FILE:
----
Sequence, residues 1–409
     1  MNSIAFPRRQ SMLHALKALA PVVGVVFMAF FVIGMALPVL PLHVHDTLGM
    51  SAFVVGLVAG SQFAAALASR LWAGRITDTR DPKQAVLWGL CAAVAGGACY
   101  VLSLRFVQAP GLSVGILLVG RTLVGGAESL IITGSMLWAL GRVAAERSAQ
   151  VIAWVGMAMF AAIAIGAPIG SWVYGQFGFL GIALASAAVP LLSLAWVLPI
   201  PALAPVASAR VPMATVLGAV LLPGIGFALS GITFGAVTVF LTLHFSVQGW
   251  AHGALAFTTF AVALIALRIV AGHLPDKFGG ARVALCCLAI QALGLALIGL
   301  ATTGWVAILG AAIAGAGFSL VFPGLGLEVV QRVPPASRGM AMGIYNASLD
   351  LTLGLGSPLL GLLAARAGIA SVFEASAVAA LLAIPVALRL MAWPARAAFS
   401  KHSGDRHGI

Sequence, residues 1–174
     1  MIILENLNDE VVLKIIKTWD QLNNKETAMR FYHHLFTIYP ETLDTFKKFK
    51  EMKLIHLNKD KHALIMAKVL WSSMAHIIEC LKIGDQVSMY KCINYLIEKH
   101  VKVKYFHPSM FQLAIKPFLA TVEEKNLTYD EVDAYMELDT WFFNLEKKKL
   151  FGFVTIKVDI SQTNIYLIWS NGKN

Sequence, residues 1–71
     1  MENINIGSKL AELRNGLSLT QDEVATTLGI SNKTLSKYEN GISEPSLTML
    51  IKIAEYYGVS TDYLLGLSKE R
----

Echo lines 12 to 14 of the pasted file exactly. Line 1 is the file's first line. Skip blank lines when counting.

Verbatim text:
     1  MIILENLNDE VVLKIIKTWD QLNNKETAMR FYHHLFTIYP ETLDTFKKFK
    51  EMKLIHLNKD KHALIMAKVL WSSMAHIIEC LKIGDQVSMY KCINYLIEKH
   101  VKVKYFHPSM FQLAIKPFLA TVEEKNLTYD EVDAYMELDT WFFNLEKKKL